EDITORIAL: Cultural Roots of our National Crisis
EDITORIAL: Cultural Roots of our National Crisis

EDITORIAL: Cultural Roots of our National Crisis

Everyday experience is pointing to a cultural malaise as the root of Nigeria’s gridlock. All those truly concerned about the fate of Nigeria must first look deeply at the cultural roots of our political deadlock. To redeem our nation, political leadership must wake up from its cultural slumber and place itself squarely at the service of culture. All stakeholders must look intensely and see first that we are caught up in a cultural disaster. Chinua Achebe’s Things Fall Apart captures the point right in its famous title.

Nigeria was brought into existence through a process of cultural banditry. The dethronement of King Kosoko of Lagos (1851), Oba Ovonramwen of Benin (1897), Nana of Itsekiri/Warri (In 1894), William Dappa Pepple of Bonny (1837), Jaja of Opobo (1885),  the desecration of the Oracle of Arochukwu and execution of its priests (1901), the invasion of Calabar (1855), the overrunning of the Nupe Kingdom (1898), the seizure of the thousand-year-old trans-Sahara trade city-state of Kano (1903), the capture of the Karnem-Borno Empire, and the overthrow of Sultan Attahiru Ahmadu of Sokoto (1903) are the exhibits in this case.

These invasions of indigenous city states and traditional societies across the length and breadth of the area that became Nigeria translated to disruptions of native customs and traditions, and destructions of value systems and cultural institutions without which no society can survive. Culture is popularly understood as the way of life of the people. It is the sum total of the people’s genius, morals, faith, industry, art, and play. It is the totality of socially transmitted behaviour patterns, arts, beliefs and institutions resulting from the people’s experience over time. This is what Nigerian peoples have lost to colonialism and postcolonial misrule. Our primary problem in Nigeria is the loss of the cultural values and institutions that previously preserved our societies.

It is cultural failure that has matured into State failure, that is, government failure to develop and sustain basic socioeconomic infrastructures, failure to resolve deadly conflicts and checkmate unjust aggression, and general security failure. At the base of the cultural decay we find a colonial and neocolonial educational system that fails to prepare people to fully serve the purposes of society as did indigenous (informal) education. At the heart of the decay we find a political system (executive, legislature and judiciary) populated by “the dregs of society”, the “incompetent and criminally minded”, as El-Rufai confessed. At the surface of the corruption we find a dysfunctional religious system that, contrary to traditional African spirituality, enthrones the triumph of laziness, deception, charlatanism, and senseless jihadism.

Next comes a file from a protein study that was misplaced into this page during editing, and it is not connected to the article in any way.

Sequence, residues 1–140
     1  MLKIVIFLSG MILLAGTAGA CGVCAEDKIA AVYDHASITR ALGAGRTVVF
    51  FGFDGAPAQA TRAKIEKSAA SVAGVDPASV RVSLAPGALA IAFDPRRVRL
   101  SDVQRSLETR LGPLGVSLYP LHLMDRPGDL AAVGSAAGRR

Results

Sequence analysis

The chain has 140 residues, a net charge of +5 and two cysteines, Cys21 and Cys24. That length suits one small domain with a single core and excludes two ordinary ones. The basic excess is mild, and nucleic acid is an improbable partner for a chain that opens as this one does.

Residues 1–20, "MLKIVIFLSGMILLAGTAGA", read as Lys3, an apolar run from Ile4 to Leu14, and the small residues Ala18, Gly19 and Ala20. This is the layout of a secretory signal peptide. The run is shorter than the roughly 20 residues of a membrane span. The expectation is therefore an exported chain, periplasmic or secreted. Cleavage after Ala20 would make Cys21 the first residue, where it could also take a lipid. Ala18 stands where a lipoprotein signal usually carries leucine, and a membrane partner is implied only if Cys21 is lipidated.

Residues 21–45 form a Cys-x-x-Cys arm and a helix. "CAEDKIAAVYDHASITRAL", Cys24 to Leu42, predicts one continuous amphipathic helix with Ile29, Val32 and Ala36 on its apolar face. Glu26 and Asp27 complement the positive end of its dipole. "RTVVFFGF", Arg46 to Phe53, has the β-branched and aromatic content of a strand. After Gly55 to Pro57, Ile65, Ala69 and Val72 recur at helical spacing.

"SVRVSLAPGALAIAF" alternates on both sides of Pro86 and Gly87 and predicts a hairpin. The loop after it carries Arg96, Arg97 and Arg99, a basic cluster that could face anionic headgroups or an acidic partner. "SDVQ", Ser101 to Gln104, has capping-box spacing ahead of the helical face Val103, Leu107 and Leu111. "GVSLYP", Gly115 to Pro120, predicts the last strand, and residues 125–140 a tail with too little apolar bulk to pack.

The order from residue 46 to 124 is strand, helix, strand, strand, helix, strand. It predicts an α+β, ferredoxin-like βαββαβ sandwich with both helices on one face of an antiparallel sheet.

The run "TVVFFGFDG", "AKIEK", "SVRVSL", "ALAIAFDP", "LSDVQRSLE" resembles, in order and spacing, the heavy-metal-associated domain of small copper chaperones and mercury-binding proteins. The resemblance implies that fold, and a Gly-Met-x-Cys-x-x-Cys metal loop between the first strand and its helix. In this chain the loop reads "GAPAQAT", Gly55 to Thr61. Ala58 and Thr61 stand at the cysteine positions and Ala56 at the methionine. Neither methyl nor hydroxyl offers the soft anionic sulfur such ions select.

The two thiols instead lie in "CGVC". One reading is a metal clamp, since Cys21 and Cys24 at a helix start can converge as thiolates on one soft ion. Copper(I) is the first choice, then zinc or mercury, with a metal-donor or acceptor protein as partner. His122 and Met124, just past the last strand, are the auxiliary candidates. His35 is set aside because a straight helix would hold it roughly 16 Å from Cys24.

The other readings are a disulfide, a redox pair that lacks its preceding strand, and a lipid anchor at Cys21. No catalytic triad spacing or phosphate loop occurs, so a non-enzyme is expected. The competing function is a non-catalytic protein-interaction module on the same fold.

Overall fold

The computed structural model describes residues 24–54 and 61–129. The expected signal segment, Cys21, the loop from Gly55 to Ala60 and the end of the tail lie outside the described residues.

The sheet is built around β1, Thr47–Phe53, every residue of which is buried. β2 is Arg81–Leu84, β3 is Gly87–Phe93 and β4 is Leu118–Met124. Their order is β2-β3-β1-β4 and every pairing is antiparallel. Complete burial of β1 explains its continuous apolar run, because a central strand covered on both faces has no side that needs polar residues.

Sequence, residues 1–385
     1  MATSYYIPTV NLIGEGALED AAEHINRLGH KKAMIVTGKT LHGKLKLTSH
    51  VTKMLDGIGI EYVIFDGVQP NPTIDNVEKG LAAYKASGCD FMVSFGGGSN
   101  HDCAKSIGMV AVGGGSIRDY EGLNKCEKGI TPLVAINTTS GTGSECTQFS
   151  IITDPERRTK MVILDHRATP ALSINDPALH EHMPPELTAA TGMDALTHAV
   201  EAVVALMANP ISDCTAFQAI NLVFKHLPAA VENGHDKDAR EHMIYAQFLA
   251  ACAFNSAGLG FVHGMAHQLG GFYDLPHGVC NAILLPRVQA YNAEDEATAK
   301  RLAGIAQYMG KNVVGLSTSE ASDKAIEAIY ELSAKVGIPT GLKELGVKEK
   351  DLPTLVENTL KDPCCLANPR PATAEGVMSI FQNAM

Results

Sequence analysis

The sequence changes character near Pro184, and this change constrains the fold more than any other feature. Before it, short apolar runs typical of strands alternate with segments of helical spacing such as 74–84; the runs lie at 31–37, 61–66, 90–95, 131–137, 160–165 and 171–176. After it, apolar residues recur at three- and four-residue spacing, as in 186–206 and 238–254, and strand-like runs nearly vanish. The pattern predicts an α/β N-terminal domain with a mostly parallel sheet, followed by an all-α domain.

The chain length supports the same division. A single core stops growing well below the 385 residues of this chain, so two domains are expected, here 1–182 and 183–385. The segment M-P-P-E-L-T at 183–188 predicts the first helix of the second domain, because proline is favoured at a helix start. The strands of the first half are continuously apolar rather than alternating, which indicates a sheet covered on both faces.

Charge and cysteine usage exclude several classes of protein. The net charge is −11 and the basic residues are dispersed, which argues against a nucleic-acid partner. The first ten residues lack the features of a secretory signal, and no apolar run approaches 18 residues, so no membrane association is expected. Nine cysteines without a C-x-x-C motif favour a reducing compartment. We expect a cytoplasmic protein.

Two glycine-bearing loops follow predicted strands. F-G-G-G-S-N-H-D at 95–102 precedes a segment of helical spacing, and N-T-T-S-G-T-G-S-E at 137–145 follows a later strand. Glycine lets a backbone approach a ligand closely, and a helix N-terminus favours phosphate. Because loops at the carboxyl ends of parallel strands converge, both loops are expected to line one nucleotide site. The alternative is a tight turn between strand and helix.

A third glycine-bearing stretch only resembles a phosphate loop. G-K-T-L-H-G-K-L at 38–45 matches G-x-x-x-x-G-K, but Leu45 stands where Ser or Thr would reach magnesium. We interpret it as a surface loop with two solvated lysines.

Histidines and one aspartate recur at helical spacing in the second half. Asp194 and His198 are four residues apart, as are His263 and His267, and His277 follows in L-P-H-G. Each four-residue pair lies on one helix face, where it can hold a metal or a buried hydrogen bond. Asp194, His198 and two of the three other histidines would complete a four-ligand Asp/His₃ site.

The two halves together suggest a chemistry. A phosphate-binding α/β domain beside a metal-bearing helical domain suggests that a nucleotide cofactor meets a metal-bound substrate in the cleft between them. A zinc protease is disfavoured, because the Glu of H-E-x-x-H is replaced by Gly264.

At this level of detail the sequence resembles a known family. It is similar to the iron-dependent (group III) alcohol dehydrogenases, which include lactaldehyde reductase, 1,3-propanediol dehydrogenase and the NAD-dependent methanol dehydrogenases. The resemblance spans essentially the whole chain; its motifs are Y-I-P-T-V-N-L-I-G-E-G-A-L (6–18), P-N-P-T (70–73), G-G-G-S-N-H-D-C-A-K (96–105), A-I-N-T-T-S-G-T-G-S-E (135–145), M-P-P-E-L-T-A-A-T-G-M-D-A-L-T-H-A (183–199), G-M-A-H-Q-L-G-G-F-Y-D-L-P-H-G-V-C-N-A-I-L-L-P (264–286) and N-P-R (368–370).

The result is a country that suffers economic paralysis, and only exists as a pawn in the game of international economics. The functional combination of agriculture (fishing and farming) and intertribal trade which provided equal opportunities for those willing to work in pre-colonial economy has been eclipsed by the indigenous colonialism of  “thief-thief” politicians who become billionaires overnight while more than 70% of over 150 million Nigerians suffer abject poverty and frustration. The poor man’s son cannot, like Okonkwo in Umofia, work hard and earn his living with dignity. In response, the Nigerian intelligentsia have resorted to economic asylum in Europe, America or Canada!  

The zenith of the cultural disaster is security failure.  Nigeria has become the global capital of criminality. Law enforcement has fallen almost to point zero. The value system of society is broken down like the immune system of an Aids patient. Money has become the only value of Nigerian society. The result is reckless kidnapping. Children are kidnapped as well as grandparents. Priests are desecrated, paramount rulers are dishonored, even military chiefs are abducted. Neither highway nor street is safe. Neither city not village has respite. Even children are no longer safe to play in the neighborhood. Traditional diplomacy has been eclipsed by community wars everywhere. Macbeth has murdered sleep, Shakespeare would say! 

If Nigeria is to survive, political leadership must enforce cultural restoration. All the agents of socialization, including Churches and Mosques, must return to playing positive cultural roles. Parents must resume careful initiation of their children into the values of civil culture. The cultural function of education as integration into society must be restored. Beyond the skyscrapers, the civil service secretariat must regain the moral and cultural fabric of public service. Law enforcement agencies of State must be made to serve their cultural purposes. That’s, if Nigeria is to survive!

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